This website uses cookies primarily for visitor analytics. Certain pages will ask you to fill in contact details to receive additional information. On these pages you have the option of having the site log your details for future visits. Indicating you want the site to remember your details will place a cookie on your device. To view our full cookie policy, please click here. You can also view it at any time by going to our Contact Us page.

Calls for change grow in wake of MPs' Carillion report

17 May 2018

Following the publication of a 100-page report by two committees of MPs on the subject of the collapse of Carillion, industry bodies have increased calls for measures to be agreed to avoid the situation being repeated.

After the company closed in January, with a debt of around £1.5bn, a number of issues have been highlighted as contributing to this.

MPs have condemned the Carillion board for overseeing unsustainable business practices and also called for changed in the Big Four accountancy firms.

The report described regulators as "toothless" with the Big Four accountancy firms a "cosy club incapable of providing the degree of independent challenge needed".

Chair of the MPs business committee Rachel Reeves said the Carillion directors had driven "the company off a cliff" by taking on low-margin contracts.

However, the PFM Editorial Advisory Board previously highlighted the issue of public sector procurement, which typically sees the lowest bidder win and was another factor in Carillion's failure.

The government was also deemed to be at fault by continuing to award contracts to Carillion, despite profit warnings and rising concerns on its long-term future.

Among those responding to the report was the Specialist Engineering Contractors' (SEC) Group, urging a four-point plan to deal with the issues arising from the Carillion collapse.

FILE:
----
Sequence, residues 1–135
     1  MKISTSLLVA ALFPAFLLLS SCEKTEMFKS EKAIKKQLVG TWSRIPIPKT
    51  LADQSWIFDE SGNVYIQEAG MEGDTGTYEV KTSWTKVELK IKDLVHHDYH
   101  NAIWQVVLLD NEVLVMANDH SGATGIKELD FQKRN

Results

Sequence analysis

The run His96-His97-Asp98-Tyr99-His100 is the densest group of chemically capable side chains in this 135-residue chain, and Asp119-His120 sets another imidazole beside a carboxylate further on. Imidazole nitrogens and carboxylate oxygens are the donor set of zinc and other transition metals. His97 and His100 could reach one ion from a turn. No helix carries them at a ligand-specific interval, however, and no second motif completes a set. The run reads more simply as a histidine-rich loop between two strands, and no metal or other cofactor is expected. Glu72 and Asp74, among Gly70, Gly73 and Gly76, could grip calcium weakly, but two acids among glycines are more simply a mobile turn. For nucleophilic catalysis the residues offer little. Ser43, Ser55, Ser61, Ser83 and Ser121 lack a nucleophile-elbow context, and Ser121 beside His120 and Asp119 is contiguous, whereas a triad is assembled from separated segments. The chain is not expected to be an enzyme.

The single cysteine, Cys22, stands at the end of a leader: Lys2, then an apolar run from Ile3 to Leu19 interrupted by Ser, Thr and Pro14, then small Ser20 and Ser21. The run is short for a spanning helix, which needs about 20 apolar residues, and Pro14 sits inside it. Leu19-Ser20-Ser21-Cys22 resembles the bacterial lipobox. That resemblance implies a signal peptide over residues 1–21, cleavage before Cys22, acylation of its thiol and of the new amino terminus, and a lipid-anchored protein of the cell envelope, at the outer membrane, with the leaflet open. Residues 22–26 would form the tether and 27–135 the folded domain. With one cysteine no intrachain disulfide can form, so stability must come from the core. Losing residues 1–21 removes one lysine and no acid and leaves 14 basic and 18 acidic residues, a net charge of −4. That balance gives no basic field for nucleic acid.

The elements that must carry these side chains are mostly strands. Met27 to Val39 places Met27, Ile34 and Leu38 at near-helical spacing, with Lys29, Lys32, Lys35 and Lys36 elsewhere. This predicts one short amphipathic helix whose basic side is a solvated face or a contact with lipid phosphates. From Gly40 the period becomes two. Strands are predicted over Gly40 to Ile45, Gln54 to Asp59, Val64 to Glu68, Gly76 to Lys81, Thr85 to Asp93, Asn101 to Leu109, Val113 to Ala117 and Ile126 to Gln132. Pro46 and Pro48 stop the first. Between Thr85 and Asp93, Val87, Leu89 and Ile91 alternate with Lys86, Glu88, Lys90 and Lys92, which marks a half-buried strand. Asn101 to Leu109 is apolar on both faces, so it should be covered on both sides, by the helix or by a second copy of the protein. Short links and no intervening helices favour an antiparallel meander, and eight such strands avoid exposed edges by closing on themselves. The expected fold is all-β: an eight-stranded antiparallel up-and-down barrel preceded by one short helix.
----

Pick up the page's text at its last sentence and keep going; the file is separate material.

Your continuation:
In addition to public sectors using project bank accounts to ensure prompt payment for all concerned, amendment of the Public Contracts Regulations 2015 should be made to ensure 30-day payment terms, said SEC.

Retention monies should additionally be placed in a protected scheme and the Small Business Commissioner should be given the power to fine large companies for poor treatment of their supply chains, the SEC advised.

SEC chief executive officer Professor Rudi Klein said: "Unless we act now, the risk is that we'll end up with more Carillions."

Print this page | E-mail this page


Article image Six experts reveal how to build a career in international FM

The International Facility Management Association’s (IFMA) UK Chapter and the Royal Institution of Chartered Surveyors (RICS) will kick-start Workplace Week London 2018.Full Story...

Article image Why the Law Says You Need a Nappy Bin Disposal Service

At home, parents are used to disposing of their babies’ used nappies the same way they do any other domestic waste - bagging it up and sticking it in the rubbish for general collection.Full Story...

Winners of the PFM Awards 2018

Long-term, sustainable, FM service delivery

Finalists announced for the PFM Partnership Awards 2018